Monthly Archives: September 2015




After a 1-1 start to the 2015 season, the Chargers travel to Minnesota to face off against the explosive Adrian Peterson and the Vikings.

In Peterson’s first two games this season, he has recorded 165 yards, while averaging 4.2 yards a carry; 134 yards were racked up in last week’s win over the Detroit Lions. If the Bolts plan to shut down AD, they will have to compete at a playoff-caliber level and finish flawlessly.

Currently, San Diego ranks 21st in the NFL in rushing defense. Unfortunately, this isn’t good enough to stop Peterson. In week one, the team gave up a huge run play as Detroit’s Ameer Abdullah went untouched making a 36-yard jaunt to the house. The question as to what the Bolts need to do in order to shut Peterson down is on the minds of all Charger fans.

Here’s the breakdown:



Hasn’t this been a trending issue for years now? Either way, San Diego has to go back to fundamental tackling in order to shut down the running game. Defensively, the line must hold true and close all gaps that Peterson will try to attack. Linebacker Manti Te’o has missed 10 tackles in the first two games. That can’t happen Sunday. It’s inevitable that AD will break through the line of scrimmage, however, it’s the Bolts’ duty to make all necessary tackles, especially against the veteran running back.


Forcing Turnovers

The Chargers have forced two fumbles along with two interceptions. In order for them to keep the offense on the field, the defense has to force turnovers and convert them to points. The Vikings quarterback, Teddy Bridgewater, is entering his sophomore season looking fairly confident. With veteran players such as Corey Liuget, Melvin Ingram, and Donald Butler on the defense, disrupting his play will prove fruitful. Having only one sack on the season isn’t enough, therefore, getting after Bridgewater is mandatory come Sunday.


Clock management

Time management is the name of the game in professional football. With Peterson’s running ability, Minnesota will look to manage the clock and tempo of the game. In order to obtain a win, Philip Rivers and the offense must maintain their composure and cause long-lasting drives, ultimately ending with points scored. Similar to what San Diego has done to Peyton Manning and the Broncos, the team must keep Peterson and company on the sidelines. Traditionally, the Bolts win most of their games where they hold the most time of possession. The same blueprint should be conducted against the Vikings.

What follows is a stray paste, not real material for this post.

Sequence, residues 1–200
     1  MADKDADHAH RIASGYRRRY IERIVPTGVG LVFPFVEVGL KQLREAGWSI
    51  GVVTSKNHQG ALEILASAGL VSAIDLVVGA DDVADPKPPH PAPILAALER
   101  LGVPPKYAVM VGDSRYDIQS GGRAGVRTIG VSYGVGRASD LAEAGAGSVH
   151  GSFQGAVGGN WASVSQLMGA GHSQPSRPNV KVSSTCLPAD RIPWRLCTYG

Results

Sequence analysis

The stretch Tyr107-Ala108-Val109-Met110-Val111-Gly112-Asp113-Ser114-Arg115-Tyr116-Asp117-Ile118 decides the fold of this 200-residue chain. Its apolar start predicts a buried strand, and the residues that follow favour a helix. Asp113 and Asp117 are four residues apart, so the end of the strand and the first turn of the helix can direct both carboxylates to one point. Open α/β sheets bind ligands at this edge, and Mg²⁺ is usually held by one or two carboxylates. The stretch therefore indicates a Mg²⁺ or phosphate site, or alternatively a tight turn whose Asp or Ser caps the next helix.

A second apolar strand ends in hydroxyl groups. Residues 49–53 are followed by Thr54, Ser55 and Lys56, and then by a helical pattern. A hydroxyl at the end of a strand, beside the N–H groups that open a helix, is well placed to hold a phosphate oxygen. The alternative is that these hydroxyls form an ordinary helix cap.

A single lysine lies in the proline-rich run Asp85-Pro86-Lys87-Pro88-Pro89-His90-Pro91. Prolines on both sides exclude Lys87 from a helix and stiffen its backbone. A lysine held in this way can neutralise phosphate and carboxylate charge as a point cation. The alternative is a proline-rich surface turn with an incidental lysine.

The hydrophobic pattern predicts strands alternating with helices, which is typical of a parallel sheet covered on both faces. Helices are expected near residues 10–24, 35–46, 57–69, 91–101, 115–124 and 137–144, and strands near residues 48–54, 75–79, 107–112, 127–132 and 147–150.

Limit penalties

Last game the offense hurt themselves with costly penalties. The same can be said about the defense, as well. Limiting the number of unnecessary penalties will help the Chargers move forward and complete plays. Additionally, having little to none on the defensive side of the ball will keep the Vikings from obtaining costly automatic first downs. Ultimately, penalties hurt progression which can’t happen in attempt for a win.


Overall, Adrian Peterson and company seek to also improve their record to 2-1, but the Chargers know it’s imperative to shut him down in order to limit the Vikings’ offense. With these four tactics, there should be no issue for the Bolts in advancing their record to two wins early in the season.


Briana Soltis (@BrianaSoltis)



Quicker. More explosive. Showing the playing ability he put on display in his last year with the Indianapolis Colts.

These were all things used to describe Donald Brown during the 2015 offseason.

After a disappointing first year with the Chargers in 2014, Brown was said to be returning to the form that made him an enticing free-agent acquisition for general manager Tom Telesco prior to last season.

Thus far through two weeks of the 2015 season, Brown has been inactive; a healthy scratch for both games.

As many of you know, the former Colt is the highest paid running back on the Chargers’ roster.

Considering the injuries and lack of depth at multiple positions, one would think that Telesco would give Donald Brown the “Derek Cox treatment,” and cut his losses, admitting his mistake in signing him.

San Diego has already been banged up along the offensive line and the suspension of Antonio Gates and concussion issues have of Ladarius Green have forced movement at tight end.

The Chargers used a first-round draft choice on Melvin Gordon. They also have fan favorites Danny Woodhead and Branden Oliver as options in the backfield. That seems to be a formidable trio to handle the team’s running-back-by-committee approach.

Gordon and Woodhead have been integral parts of the offense for the first two contests. Oliver has not seen as much time, playing only two snaps last week in the loss against the Bengals. With No. 43 not seeing the field often, and Brown standing on the sideline inactive, wouldn’t it make sense to swallow your pride and cut Brown in an effort open up a roster spot to help out along either the offensive or defensive line?

I am not one to call for any person losing their job, but Telesco and company are in the business of making tough decisions when it comes to assembling the best roster possible in order to compete for the Lombardi Trophy.